If you have a DUI conviction on your record that is interfering with employment or perhaps immigration, you may be wondering if you can get a DUI expunged in California.  The answer is maybe.  There is not right to have a DUI expunged, but it is possible to have one granted under certain circumstances.  This article will walk you through some of the important questions, but consult with an attorney to find out if you can get your DUI expunged.

  • What is expungement?

California Penal Code 1203.4 lists the circumstances in which a defendant (the person who committed the crime) can have their offense dismissed and be released from the penalties resulting from the offense.

  • Do I have the right to have my DUI expunged?

No, you do not have the right to have a DUI expunged. The court has discretion, which means that the court can look at the circumstances and decide whether or not to grant your request.  This means that you have a chance, but there are no guarantees.

  • Should I petition the court now?
  • You have to be finished complying with all the conditions that were imposed upon you at sentencing.  This includes:
    • Fines have to have been paid.
    • Counseling completed.
    • Community service if applicable is done.
    • Competition of any probation.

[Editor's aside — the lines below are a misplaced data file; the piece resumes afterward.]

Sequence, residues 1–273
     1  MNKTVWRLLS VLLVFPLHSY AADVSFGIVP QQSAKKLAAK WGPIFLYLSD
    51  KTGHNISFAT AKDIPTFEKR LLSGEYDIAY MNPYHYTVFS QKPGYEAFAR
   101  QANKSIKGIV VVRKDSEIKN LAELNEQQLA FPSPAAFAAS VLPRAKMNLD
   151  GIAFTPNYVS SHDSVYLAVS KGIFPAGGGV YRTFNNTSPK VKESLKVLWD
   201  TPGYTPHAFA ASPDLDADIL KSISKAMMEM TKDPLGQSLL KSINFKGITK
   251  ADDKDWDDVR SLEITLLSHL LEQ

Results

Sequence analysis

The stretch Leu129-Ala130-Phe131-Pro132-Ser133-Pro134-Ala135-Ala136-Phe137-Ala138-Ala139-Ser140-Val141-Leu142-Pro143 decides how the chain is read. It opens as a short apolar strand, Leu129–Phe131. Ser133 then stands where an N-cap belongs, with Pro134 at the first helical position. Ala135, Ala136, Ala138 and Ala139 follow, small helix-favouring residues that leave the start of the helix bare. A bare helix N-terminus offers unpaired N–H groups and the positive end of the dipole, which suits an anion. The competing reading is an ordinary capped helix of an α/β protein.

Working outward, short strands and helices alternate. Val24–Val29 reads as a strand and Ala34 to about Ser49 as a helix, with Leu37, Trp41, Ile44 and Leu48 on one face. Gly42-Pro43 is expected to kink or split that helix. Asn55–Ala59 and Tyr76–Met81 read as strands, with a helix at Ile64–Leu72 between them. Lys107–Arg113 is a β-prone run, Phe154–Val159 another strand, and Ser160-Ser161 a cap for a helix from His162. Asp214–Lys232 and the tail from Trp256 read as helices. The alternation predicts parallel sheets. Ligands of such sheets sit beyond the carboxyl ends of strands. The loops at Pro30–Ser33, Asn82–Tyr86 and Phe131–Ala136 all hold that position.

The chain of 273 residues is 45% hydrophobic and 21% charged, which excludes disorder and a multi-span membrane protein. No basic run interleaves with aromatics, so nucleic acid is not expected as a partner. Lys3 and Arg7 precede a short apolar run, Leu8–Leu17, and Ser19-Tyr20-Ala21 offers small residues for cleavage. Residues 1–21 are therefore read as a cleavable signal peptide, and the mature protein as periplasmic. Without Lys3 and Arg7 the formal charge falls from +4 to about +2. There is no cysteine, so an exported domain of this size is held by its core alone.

• Completion of any other requirement of the court.
  • You are not currently charged with, on probation for, or serving a sentence for another offense.
  • You did not commit new crimes while on probation.
  • What is the interest of justice that is considered by the court in determining whether to grant my petition? 
  • The interest of justice is not specific, but there are factors that weigh in whether a court will consider an expungement in the interest of justice:
    • The length of time since the DUI
    • Employment considerations
    • Family considerations
    • The circumstances of the DUI itself
  • What is the process?
  • You will likely want to hire an attorney to assist you with the paperwork.
  • You request a dismissal of your charge, which is called a petition for relief.
  • The prosecuting attorney is allowed a certain amount of time to respond.
  • What are the limits of what an expungement can do for me?

Getting your DUI expunged may help you in meeting your employment, licensing or educational goals.  However, getting the DUI expunged will not prevent your sentence from being enhanced in the event that you get a subsequent DUI in the future.  Also, it is rare that expungement lowers your insurance rates. Although your conviction has been dismissed, it may still be accessible through public records.

3 Essential Steps to Best Resolve a DUI Conviction

If you entered a guilty plea to a DUI or lost your case at trial, this article is for you.  It discusses what to do next once you have a DUI conviction.  Following these steps will help you succeed in completing your probation successfully and putting this conviction behind you.

Set Yourself Up for Probation Success

  • Know.  Make sure you find out what the terms are of your probation and how long it lasts.  Typically, you will at minimum be ordered to stay drug free and not have any other criminal offenses.